DOUBLE CLUTCHING IN LAS VEGAS
My life has had and continues to have distinctive phases. In my late twenties, all my efforts of the first twenty-seven years of my life came tumbling down on me like a ton of bricks, so I harkened to the famous call, “Go west young man go west”; I was just a hundred years too late, but to me, it sounded like an ageless admonition. So, I mounted a mad dash from my troubles in Tampa, FL out into the west, not toward any one place, just somewhere, everywhere west and as good fortune would have it I found a long lost cousin in Las Vegas.
Good fortune continued to smile on me helping me land a job in a service station out on the strip and in just a couple of weeks my cousin’s influence with his employer, the Gray Line Sightseeing and Tour company, helped me land a job as a tour guide. I was smiling, things were working out.
My assignments varied from driving limo off the airport, hauling baggage to and from the hotels, taking groups to the big shows, and the dam run. The dam run was loading 45 people on a big Greyhound-type bus and driving them to Hoover dam which is only about 40 miles from Vegas. My training for the whole job was pretty scant, a guy had quit suddenly and they need me to go to work ASAP. So, my training began with the instruction to be nice and helpful to all the people. Next, I was taken out into the desert, with a big bus, and schooled on how to drive this behemoth; mostly it was about how to master the timing of the bus’s big transmission, learn how to double clutch it, and how to back the bus up using only mirrors. I couldn’t turn around and look behind me. The trainer, then, took me into town and we wheeled around Vegas for a while. PRESTO! I was trained.
The run to the dam was a regular event, but you could choose not to do it if you didn’t want to. About two weeks into the job I felt brave enough to take a dam run even though I’d been told it could be very difficult. I was not prepared for the reality.
The group consisted of three buses, about 45 people per bus. We stopped at Boulder city for a snack and to show everyone a film about what they were going to see. During the stop, one of the other drivers kept going over the keys to traveling the very steep, little, seven-mile-long road from where we were stopped straight down into Black Canyon where the Hoover dam blocks the Colorado river to form Lake Mead. The guy kept saying, “Now when you hit that last turn and head straight down into Black Canyon you need to be sure you don’t ride your air brakes or you’ll burn them up. Then it’s Katy bar the door.” He grinned tragically. Again, in two minutes, for about the twentieth time He said, “You have to gear down when the bus starts speeding up, double-clutch it, pop that gear, slow her down.” Well, there’s a hell of a difference between somebody telling you how to do it and actually doing it.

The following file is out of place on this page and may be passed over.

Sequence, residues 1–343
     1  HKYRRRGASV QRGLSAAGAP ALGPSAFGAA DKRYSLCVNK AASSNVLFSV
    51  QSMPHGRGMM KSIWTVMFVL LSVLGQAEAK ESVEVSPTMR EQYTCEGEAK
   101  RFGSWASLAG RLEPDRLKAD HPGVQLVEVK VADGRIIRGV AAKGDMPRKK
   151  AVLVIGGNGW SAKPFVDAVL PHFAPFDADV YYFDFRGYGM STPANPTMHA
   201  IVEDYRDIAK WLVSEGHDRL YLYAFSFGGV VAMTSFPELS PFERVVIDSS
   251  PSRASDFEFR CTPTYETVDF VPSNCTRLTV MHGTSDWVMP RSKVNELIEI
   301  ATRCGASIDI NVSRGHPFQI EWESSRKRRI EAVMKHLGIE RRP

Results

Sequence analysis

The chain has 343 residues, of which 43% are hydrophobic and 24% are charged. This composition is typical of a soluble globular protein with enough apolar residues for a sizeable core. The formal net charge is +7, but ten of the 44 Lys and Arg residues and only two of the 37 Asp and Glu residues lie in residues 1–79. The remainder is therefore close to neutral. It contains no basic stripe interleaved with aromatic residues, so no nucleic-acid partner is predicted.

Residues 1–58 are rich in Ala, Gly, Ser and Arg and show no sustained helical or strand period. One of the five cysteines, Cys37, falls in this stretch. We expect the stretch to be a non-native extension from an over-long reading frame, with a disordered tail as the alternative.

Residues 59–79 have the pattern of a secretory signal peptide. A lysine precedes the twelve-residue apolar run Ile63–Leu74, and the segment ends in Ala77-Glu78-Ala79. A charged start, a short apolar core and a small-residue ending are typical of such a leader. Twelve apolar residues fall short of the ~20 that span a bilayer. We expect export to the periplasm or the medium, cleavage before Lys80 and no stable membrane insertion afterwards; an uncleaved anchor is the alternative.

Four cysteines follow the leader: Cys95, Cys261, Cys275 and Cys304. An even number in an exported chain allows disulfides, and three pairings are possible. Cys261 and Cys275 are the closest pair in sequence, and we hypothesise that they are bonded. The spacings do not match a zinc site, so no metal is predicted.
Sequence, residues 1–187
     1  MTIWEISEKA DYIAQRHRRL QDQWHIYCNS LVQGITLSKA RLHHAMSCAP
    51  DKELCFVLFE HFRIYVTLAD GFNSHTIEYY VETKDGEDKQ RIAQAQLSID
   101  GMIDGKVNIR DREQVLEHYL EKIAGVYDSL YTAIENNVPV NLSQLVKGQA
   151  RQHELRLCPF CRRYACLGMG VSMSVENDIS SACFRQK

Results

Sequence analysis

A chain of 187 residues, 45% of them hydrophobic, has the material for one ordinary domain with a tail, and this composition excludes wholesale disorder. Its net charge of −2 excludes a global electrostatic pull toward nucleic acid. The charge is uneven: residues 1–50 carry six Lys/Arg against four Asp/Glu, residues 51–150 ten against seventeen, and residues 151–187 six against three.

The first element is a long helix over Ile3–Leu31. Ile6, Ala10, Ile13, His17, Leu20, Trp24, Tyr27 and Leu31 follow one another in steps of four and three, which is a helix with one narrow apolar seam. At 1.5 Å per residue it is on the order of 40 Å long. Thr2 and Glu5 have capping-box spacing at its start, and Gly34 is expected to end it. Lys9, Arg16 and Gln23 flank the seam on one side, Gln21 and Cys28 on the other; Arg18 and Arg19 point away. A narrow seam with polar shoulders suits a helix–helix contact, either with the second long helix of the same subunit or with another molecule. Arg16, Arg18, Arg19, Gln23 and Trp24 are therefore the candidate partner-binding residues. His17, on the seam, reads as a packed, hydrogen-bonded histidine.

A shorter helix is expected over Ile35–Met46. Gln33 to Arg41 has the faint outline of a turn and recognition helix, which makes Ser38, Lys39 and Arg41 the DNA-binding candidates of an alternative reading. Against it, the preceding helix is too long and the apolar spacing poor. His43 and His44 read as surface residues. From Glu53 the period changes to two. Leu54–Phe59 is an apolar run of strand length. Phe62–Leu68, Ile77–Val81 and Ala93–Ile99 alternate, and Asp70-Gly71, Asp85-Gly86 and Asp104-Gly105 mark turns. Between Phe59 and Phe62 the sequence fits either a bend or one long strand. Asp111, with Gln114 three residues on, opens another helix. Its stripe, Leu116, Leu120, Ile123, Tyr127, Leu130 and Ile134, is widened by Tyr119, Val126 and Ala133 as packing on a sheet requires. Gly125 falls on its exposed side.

We all loaded up and I was told by the senior driver to go first. I was the lead bus, only later would I understand why. When I made the last turn that the guy warned me about, the downhill grade looked like the high point of a killer roller coaster. I’m sure I must have sucked half the oxygen out of that bus, and I braced myself, stiff as a board, ready to double clutch and downshift that big transmission. Oh hell, I missed the first downshift; I missed it again, and again, and again, and again. Well, you can’t shove a wet noodle up a wildcat’s butt, but that’s what I felt like I was trying to do as I was grinding the gears, tapping the air brakes, and sailing down the face of that canyon on a narrow ribbon of a road.
I looked down into the canyon to my right and I would have sworn it was 5,000 feet deep. I looked up the sheer face of the canyon wall on my left but couldn’t see the top. I couldn’t get the gear shift to go into any gear, every time I double-clutched and pushed I’d just hear grinding, so I kept hitting and tapping my brakes to slow that big box down. I felt like I had constricted down to at least half my size, that every cell in me was cringing, contracting, preparing for death. In my state of terror, I glanced at my big overhead mirror expecting to see 45 terrified people, but unbelievably, they were calm and serene, having no idea what incompetent hands they were in, obviously oblivious to their impending death. The trip down into the canyon couldn’t have taken more than 15 minutes, but for me, it was a lifetime.
Somehow God and I got that big bus down to the dam, I concluded it was only about one percent me. When I stopped the bus I was supposed to get out first, stand by the door, and assist anyone who needed it. I could not get out of my seat; I was so exhausted. My heart and lungs were using up every bit of energy left in my body just to keep me alive. I just sat there for a while, resting and thanking God. For the next few months that I worked for the company, I never volunteered for another dam run. I never even considered it. I never told anyone on the job what I had experienced and I stayed on the flat streets of Las Vegas.